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I've been teaching sailing on a couple of newer (2005-2013) Hunters. While having the students go through my check list, one of the items is "Steaming Light."

On the Hunter, there are two seemingly identical white lights at the top of the mast. The only difference is that the lower one has a block over the aft 135º, and is activated by the steaming light switch. The upper one is an all around white light, and activated by the anchor light switch.
 

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Discussion Starter · #17 ·
I've been teaching sailing on a couple of newer (2005-2013) Hunters. While having the students go through my check list, one of the items is "Steaming Light."

On the Hunter, there are two seemingly identical white lights at the top of the mast. The only difference is that the lower one has a block over the aft 135º, and is activated by the steaming light switch. The upper one is an all around white light, and activated by the anchor light switch.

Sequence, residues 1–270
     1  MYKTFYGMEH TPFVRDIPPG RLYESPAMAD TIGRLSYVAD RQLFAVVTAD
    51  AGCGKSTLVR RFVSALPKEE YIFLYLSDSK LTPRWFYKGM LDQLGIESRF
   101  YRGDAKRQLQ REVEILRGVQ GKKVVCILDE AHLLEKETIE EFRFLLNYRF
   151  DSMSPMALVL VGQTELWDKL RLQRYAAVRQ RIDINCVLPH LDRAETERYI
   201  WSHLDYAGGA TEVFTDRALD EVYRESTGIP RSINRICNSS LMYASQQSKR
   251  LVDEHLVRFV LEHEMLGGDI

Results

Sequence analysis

So those boats have the steaming light at the masthead. Sounds like my anchor light, with the stern light blocked off, would present the same light profile as that one.
 

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Haven't gone out at night all year, but I was running a little late yesterday. At 7 pm I decided to put on running lights. I needed to motor into the old C&D canal, but my steaming light was dead. I thought of a few temporary options, but my anchor light is the only one that I know is rated for 2 nm. So I turned it on.

Before you guys jump all over me for having two rear facing lights, note that I taped over my stern light with duct tape. So the only question is whether a single 360 white light is illegal at 34' high.
This is essentially how our boat is set up--all-around/anchor light over the tri-color at the top of the mast, and a bi-color on the mast where most boats would have a steaming light. Under sail, we use the tri-color, and under power the bi-color and all-around/anchor light is on.

I've read through the Coast Guard regs a hundred times, but I can't find anything that specifies a minimum or maximum height of the nav lights above the deck, or that specifies any "longitudinal" minimum distance between the red/green and masthead lights. (I do believe there is a minimum distance between the red/green sidelights and masthead lights). Strictly speaking, it's a legal set-up, but if I had my druthers I'd convert it to the traditional arrangement of side lights on the bow, steaming light halfway up the mast and stern light on the stern rail.